I’m tempted to reconvene the doting pub audience for this scene at the toll-booth. A grinning policeman wipes gravy on the sleeve of his green uniform, minutely examines the vehicle’s documents. He wants a bribe, doesn't he?. I hand over a twenty note. “Call him Zacharias,” jokes the driver and I almost do. “Sacarías,” he explains, ‘you would grab’ in Spanish. Wow - a Bolivian pun. Achilles and consort sit impassively in the back, either they missed the joke, they don’t consider it funny, or their clothes are constricting them.
From Viacha’s main plaza, the statue of nobody notable surveys cadets picking their noses in doorways, off-duty officers revving motorbikes, a wedding party traipsing through deep mud to the one restaurant boasting lunch and platos varios.
Both waiters applaud as we burst through the saloon doors. Maria, my god-daughter, star for a day, has a little word with me, thereby spotlighting her gringo padrino for those diners who have failed to react. Next, she totters high-heeled to a table, dabbing her chemically frizzled hair, and fusses over creases in the dress. Don’t worry, darling; by the end of the day you won’t even notice the beer stains and puke.
“Stay away from the reception until three o’clock,” Luis had insisted. On the other hand, it’s tough entertaining a pair of morons, their padrinos de civil and driver. No wonder Bolivians dumb out on beer. I signal for two crates and we settle into a hazy pattern of food and drink and drink and drink, getting hazier.
Arriving at the local an hour late. Not that I’m any expert in distinguishing areas of the Alto, but it is disturbing how unrecognisable this sector is, miles from anywhere, definitely nowhere, meaning I am sequestered for the duration.
Lilac lozenges and acres of mirrors adorn yet another futile attempt at Alto architecture. Draped from columns and high across the empty hall, white toilet paper welcomes us. The local, though obviously swabbed and scrubbed for the event, resounds to sticky echoes of fiestas past.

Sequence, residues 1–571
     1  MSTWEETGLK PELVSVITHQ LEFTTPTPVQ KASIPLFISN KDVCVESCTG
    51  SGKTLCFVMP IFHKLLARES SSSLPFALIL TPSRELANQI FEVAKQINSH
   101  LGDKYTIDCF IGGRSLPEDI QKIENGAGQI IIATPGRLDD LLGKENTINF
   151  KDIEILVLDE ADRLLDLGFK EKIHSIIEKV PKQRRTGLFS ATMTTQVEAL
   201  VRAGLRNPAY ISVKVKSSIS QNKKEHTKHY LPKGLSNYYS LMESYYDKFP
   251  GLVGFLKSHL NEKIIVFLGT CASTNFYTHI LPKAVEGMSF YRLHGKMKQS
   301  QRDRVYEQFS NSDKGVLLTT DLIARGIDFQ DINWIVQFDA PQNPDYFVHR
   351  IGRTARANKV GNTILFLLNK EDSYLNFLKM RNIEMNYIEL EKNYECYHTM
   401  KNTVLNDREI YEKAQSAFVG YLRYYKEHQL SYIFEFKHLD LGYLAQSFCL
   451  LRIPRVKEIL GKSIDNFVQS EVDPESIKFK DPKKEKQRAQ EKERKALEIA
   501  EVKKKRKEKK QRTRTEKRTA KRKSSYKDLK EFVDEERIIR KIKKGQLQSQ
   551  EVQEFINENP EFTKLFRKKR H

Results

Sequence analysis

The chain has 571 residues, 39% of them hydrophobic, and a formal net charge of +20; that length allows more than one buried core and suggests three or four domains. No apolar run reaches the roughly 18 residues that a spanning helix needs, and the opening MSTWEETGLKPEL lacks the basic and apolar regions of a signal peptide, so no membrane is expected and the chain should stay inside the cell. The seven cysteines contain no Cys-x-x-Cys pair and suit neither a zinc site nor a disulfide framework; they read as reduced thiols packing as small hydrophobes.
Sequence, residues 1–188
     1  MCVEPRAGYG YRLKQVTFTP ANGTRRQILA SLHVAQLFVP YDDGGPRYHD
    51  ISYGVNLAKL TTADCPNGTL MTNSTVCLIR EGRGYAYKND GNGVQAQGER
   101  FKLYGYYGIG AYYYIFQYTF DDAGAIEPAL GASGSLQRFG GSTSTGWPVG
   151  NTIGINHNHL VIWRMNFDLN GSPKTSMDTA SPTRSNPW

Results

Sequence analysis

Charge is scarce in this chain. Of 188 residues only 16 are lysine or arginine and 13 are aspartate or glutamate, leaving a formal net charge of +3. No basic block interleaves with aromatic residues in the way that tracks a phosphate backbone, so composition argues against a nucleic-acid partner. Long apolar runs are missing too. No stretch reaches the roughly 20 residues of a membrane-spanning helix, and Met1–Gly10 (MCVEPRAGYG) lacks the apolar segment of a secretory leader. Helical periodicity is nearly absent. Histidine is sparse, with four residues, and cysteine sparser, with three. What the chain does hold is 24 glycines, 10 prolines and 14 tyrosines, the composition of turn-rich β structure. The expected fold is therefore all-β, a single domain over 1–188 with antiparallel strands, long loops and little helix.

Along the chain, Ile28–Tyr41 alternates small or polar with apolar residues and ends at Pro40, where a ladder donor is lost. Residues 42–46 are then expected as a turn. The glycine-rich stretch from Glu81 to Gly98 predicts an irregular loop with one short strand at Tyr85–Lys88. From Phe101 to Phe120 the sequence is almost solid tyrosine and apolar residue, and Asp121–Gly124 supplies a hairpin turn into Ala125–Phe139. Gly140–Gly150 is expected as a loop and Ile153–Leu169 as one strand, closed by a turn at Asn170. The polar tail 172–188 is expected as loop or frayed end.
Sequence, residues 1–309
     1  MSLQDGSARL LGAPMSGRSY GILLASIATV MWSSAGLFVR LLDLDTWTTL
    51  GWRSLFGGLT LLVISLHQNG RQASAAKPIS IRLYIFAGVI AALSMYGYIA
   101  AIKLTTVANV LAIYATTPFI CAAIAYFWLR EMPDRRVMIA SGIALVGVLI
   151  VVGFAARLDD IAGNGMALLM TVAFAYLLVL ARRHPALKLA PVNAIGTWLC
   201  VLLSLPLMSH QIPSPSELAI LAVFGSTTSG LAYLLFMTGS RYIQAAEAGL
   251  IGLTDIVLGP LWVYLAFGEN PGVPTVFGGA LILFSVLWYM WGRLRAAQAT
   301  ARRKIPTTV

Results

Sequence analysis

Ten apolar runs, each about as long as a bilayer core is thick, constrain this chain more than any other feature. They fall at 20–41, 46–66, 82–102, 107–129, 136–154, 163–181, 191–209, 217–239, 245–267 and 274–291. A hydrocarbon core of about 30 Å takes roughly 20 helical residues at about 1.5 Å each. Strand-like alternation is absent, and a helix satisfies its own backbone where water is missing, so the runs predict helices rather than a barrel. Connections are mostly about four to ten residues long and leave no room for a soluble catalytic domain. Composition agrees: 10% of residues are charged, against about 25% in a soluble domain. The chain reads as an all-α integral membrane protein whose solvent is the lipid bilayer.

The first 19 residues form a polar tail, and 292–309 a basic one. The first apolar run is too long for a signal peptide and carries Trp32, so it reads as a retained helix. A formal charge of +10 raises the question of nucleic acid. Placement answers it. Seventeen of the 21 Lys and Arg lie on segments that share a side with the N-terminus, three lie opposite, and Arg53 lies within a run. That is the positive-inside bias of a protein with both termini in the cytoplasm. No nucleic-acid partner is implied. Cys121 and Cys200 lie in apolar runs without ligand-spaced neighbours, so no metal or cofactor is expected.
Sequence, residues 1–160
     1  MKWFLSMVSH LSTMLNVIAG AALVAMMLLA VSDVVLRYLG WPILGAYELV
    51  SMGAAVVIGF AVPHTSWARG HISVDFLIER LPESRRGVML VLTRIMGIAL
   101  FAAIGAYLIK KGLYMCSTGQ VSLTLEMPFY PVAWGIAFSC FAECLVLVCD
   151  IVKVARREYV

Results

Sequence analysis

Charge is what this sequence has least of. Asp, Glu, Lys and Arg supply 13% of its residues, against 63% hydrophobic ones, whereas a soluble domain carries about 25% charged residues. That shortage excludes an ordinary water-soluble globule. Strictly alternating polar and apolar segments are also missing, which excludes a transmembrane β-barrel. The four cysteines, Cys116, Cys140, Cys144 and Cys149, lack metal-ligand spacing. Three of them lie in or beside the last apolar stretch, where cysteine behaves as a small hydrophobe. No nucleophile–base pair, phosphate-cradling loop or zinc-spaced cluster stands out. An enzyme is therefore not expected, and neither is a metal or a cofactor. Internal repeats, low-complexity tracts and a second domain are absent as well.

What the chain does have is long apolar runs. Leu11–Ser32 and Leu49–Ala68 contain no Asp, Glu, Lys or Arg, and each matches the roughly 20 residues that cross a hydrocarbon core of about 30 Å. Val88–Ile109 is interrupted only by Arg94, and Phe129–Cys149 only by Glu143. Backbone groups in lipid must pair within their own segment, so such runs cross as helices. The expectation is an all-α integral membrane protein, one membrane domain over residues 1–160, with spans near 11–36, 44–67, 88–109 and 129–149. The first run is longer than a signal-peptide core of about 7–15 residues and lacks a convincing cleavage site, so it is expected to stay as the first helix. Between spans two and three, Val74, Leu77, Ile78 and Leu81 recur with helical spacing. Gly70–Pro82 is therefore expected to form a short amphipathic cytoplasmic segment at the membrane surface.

A scattering of guests is already parked against the walls, the women spendidly garish in shawls, bowlers and gold jewelry, the men dark-suited, understated. My rented suit stands out, unsuitable, an odd fawn colour, though I’m relieved to see the men open-necked. Like me, they proudly and mistakenly claim to have no ties.
The band renders the Wedding March, then the Blue Danube, requiring us to waltz rehearsal-less. We do, like icebergs in search of a cruise liner, while family members video the shambles.
Speeches next, starting with mine. I can only surmise that hearing me stutter amuses the assembly. Meanwhile the other speakers, even taciturn Luis, launch into model toasts. Bolivians are so oratorically gifted, but I would question the content - strict separation of sex roles, no spreading secrets outside the four walls of the home, lifelong devotion, love and honour. Don't believe a word of it and neither do they.
As proved by the dj starting to play cumbia. I have heard this described as happy, slightly mindless, dance music, but grab an earful:
Mereces que nadie te quiere
No vales la pena. ”
A song of desertion and blame for our happy couple.
"Traitress, undeserving of love,
You’re not worth the bother."
The guests sing along.

Involuntarily I whisper to Luis, “Ay, this music’s terrible.” He rises and remonstrates with the dj, has the music changed. Well, that’s quite impressive, I am flattered. El padrino requires a change of music, so be it. I know the Big 'Un is guardian of the newlyweds during this reception, but hadn’t quite comprehended the scope of my power.
Huanyos take over, the swing music of the Andes, which, you’ll recall, Ana employed to save the anniversary. Elegantly snaking patterns fill the hall. The women may have an advantage with those stiff swirling dresses, but the guys also shimmy to the rhythm.
Unfortunately, we can’t enjoy this dancing for long. Every few minutes, firecrackers announce new guests. Then, bride and groom, padrinos and parents are obliged to form a reception committee by the door. We greet the newcomers, accept presents (many crates of beer, but also kitchenware and blankets), while a nephew notes the donorrs and their gifts in a school exercise book.
Then waiters converge bearing trays of lethal concoctions. A bottleful of beer in a bulbous glass (they call it the chop and its impact does resemble a karate blow), the knockout ensured by follow-up glasses of alcohol. Guests are chided to drink up fast - this fiesta has no truck with the sober.